Teaching Classics with Open Educational Resources

By Mary Jean McNamara


This spring will be my second semester teaching “Tyranny, Democracy, and Empire,” at Brooklyn College. The course introduces students to both ancient and modern texts that examine human rights and political participation, and the selection of readings includes excerpts from Homer, Sophocles, Hobbes, Locke, and Mill. After finishing the course last semester, I felt students had an understanding of the main points of the respective works but I felt there was a gap between what I thought the students took away from the texts, and what they actually took away from the texts.  Looking for ways to make the texts more accessible, I applied to the Library’s Open Pedagogy Fellowship program.

When I told one of my advisors that I was taking a course in ‘open pedagogy,’ she asked, “What is that?” Her confusion about the openness of resources is understandable. The teaching of Classics and the idea of open anything is marred by a long history of exclusivity. Going back to 92 BCE when the Roman quaestors closed a school that offered training in rhetoric for students with no knowledge of Greek, access to the Greek and Roman authors has been linked to privilege.

Restricting access is at odds with the themes and issues explored in the early texts of Greece and Rome. For instance, Sophocles’s Oedipus Rex has continued to enjoy universal appeal. Going back to the initial production of the play, it was originally performed in Athens as part of an annual festival which all citizens were expected to attend. Theater in ancient Athens served as a common platform where the citizen and the occasional non-citizen would engage in the important questions of their day. The theater provided both a stage and a forum where performance and participation mingled side by side.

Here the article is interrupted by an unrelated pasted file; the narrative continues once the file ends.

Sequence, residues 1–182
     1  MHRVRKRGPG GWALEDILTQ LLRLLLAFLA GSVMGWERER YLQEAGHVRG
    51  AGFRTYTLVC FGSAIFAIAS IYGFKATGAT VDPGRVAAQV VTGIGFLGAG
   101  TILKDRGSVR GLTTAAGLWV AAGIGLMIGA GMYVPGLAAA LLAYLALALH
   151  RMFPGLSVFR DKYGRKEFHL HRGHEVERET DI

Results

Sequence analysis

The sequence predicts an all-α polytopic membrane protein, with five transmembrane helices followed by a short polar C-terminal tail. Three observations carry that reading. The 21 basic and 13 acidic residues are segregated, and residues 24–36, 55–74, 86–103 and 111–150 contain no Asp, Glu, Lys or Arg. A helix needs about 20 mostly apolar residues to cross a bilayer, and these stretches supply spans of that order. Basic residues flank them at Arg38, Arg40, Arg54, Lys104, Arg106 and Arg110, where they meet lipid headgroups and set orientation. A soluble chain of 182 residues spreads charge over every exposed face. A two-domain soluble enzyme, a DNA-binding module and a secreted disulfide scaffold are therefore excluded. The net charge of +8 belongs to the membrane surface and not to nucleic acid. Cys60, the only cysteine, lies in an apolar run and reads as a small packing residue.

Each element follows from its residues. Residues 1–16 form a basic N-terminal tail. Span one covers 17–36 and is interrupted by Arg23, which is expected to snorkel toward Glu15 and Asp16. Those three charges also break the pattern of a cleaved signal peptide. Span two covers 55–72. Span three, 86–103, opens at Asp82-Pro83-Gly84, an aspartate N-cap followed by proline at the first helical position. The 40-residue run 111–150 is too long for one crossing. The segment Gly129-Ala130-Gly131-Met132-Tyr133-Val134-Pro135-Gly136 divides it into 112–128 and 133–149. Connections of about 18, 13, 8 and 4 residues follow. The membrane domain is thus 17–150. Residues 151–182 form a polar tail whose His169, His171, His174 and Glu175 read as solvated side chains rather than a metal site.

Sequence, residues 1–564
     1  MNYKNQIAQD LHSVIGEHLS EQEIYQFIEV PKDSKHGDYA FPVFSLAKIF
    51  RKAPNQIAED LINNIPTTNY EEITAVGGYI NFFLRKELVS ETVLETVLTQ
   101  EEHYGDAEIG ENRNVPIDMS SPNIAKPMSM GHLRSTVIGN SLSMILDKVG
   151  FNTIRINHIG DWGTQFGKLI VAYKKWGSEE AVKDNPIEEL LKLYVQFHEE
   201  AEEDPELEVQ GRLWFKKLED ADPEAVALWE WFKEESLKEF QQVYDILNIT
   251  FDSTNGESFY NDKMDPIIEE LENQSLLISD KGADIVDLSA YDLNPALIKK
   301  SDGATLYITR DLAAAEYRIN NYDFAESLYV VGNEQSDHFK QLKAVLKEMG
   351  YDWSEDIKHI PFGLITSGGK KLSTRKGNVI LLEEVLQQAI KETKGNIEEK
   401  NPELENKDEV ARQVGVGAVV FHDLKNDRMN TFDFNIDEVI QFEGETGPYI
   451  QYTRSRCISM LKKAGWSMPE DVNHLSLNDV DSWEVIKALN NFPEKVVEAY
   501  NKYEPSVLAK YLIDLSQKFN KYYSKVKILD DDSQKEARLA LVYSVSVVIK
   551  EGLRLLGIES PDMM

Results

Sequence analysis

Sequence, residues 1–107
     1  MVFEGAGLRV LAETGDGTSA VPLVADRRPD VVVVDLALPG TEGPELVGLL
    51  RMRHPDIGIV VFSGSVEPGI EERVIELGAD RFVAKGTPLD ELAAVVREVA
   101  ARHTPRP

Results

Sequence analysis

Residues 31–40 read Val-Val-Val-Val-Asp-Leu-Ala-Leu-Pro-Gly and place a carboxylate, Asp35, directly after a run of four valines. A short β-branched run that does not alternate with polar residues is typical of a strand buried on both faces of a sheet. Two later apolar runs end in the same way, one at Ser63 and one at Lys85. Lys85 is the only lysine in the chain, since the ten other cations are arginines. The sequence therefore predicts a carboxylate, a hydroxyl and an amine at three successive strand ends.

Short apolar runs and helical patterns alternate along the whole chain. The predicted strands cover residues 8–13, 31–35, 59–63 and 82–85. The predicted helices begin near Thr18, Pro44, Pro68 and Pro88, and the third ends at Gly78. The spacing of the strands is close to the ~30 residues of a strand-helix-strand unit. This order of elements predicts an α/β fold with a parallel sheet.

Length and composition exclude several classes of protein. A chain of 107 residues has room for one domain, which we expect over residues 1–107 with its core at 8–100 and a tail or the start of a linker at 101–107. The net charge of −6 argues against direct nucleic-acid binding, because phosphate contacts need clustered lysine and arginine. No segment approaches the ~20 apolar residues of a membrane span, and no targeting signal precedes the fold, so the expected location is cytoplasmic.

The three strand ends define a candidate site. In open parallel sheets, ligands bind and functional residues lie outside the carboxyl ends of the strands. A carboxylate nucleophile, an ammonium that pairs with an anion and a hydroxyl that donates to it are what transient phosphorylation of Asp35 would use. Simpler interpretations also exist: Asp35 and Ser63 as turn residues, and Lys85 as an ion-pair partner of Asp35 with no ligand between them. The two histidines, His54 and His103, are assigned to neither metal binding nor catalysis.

Like the theater in Athens, I am hoping that my students can use the course website as if it was their version of the Athenian theater. My hope is that interacting on the website will yield more engaged participation in the political environment that goes beyond the confines of the classroom.  In an article that appeared in The Guardian, Edith Hall, professor of Classics at King’s College, argues for the relevance of reading texts such as the Iliad or Oedipus Rex in an era in which more and more students enroll in math and science courses. Hall’s argument for expanded access to Classics rests on her belief that the Greeks were unique in their ability to form questions based on their experience. Likewise, I am hoping that the OER-based platform will encourage students to form questions based on their experiences, both inside and outside of the classroom.


Mary Jean McNamara is a second-year doctoral student in Classics. Her interests include early Greek citizenship, political organization in archaic Greece, and the reception of Athenian democracy. She is currently teaching a course at Brooklyn College entitled “Tyranny, Democracy, and Empire” and is grateful for the opportunity to learn about new ways of connecting students with the study of ancient Greek political theory.